Depending on a defendant's criminal history, he or she may be eligible for some form of "deferred entry of judgement" program.  The specifics vary by county, but DEJ can satisfy a lot of the "objectives of justice" without hammering first-time offenders.  It usually requires the participant to plead "guilty" in advance.  A "sentencing hearing" will be scheduled several months later.  Between the time of the plea and the sentencing hearing, the defendant will be ordered to satisfy various criteria (take a class about the dangers of alcohol, attend AA meetings, perform community service, etc.).  If all those terms are satisfied before the sentencing hearing, then the case is simply dismissed.  A defendant who successfully completes DEJ is never actually sentenced for the crime.  Since a defendant is not technically considered "convicted" until he or she has been sentenced, successful completion of DEJ is a great way to keep a "conviction" off your criminal record. 

If the defendant has several prior convictions and he or she is not eligible for DEJ, we can usually get creative to fashion to some alternative that has roughly the same result.  I always argue that someone with several prior convictions needs treatment even more than a first-time offender.  It doesn't make sense to me that someone with a well-documented history of alcohol abuse would be excluded from treatment-based solutions.  If the defendant is willing and able to comply with some extensive course of alcohol counseling and / or treatment (or if the defendant is ALREADY in a program like that), we may be able to negotiate a deal whereby he or she receives credit for time spent in that treatment.  Obviously, everyone benefits if we can ensure that the same problem is less likely to arise in the future.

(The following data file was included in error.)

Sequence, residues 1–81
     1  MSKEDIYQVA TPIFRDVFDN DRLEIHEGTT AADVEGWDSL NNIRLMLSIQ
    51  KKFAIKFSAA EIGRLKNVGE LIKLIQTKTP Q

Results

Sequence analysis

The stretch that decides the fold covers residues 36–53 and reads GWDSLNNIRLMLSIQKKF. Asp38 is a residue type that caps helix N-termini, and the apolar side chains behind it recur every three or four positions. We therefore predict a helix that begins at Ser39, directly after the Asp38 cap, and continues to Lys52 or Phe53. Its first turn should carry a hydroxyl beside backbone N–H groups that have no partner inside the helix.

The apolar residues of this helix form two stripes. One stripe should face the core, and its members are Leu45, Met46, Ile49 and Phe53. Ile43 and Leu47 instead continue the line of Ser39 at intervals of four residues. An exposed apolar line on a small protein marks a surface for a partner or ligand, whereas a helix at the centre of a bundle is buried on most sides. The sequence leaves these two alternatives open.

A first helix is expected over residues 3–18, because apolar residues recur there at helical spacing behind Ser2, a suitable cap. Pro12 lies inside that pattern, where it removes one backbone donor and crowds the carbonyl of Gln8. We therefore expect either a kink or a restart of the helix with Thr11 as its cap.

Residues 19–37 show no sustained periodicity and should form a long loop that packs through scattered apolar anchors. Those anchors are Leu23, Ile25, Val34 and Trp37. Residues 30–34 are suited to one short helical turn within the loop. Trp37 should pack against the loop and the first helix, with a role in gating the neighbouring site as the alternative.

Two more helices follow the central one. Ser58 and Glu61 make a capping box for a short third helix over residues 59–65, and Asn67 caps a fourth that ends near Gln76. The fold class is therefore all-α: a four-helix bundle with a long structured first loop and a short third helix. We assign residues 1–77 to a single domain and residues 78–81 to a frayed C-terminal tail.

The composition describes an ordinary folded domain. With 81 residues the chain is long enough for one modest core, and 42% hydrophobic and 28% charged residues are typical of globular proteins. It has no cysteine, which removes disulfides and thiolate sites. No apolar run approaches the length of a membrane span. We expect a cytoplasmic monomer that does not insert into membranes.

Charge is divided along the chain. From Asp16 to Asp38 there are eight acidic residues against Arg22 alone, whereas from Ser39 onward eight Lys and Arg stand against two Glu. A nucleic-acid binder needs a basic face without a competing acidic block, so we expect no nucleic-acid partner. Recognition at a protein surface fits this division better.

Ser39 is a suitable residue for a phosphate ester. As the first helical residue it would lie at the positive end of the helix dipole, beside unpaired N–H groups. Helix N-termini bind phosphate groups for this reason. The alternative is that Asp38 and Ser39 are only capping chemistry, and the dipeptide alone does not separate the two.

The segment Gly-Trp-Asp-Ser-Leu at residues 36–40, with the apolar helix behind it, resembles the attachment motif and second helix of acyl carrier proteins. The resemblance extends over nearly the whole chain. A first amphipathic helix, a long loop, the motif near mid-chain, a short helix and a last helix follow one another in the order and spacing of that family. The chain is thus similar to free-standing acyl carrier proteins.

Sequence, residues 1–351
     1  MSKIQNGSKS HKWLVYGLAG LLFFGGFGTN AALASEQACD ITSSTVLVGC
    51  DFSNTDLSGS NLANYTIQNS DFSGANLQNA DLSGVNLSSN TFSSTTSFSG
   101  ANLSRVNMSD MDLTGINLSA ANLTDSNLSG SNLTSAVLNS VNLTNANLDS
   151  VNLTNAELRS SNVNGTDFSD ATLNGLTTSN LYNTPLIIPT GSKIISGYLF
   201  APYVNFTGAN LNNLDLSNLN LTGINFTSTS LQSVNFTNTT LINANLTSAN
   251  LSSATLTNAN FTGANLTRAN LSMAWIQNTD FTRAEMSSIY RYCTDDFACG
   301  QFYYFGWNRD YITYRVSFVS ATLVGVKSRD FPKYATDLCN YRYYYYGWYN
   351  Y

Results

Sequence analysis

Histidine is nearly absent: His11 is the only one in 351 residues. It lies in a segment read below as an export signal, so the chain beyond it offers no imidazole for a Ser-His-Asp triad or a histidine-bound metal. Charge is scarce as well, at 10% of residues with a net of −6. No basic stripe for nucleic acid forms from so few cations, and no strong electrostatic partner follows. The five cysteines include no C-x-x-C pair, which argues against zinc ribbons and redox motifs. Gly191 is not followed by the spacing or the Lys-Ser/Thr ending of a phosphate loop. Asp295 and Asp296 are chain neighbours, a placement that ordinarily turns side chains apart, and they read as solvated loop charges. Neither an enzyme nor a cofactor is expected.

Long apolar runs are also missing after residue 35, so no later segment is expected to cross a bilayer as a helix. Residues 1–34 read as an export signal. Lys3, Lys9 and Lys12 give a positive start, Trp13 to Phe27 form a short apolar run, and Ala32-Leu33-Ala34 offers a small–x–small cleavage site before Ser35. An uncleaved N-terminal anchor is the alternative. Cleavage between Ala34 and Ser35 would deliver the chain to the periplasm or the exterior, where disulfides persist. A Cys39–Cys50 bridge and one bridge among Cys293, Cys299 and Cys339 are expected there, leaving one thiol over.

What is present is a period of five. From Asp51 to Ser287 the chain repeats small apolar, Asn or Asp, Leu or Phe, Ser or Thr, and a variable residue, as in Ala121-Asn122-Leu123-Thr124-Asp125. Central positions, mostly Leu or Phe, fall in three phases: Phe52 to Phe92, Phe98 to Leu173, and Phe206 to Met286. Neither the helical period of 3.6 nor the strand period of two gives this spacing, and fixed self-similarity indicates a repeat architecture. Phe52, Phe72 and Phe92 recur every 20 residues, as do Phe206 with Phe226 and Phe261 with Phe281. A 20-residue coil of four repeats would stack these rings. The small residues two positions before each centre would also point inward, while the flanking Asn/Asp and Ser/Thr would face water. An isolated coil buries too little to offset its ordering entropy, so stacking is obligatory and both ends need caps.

If you or a loved one has been arrested or cited for violating section 647(f) of the California Penal Code, commonly referred to as "drunk in public", call us for a free attorney consultation.  (714) 449-3335.  Ask for John. 

Thanks for reading. 

Fullerton Drunk in Public Lawyer

Monday, September 30, 2019

Fight a Hit & Run Case in Orange County

Under California law, any driver who is involved in a vehicle collision must immediately stop and provide his or her contact information to the owner of any damaged property.  If the owner cannot be found, the driver must leave a note in an obvious place and immediately notify the local police or CHP.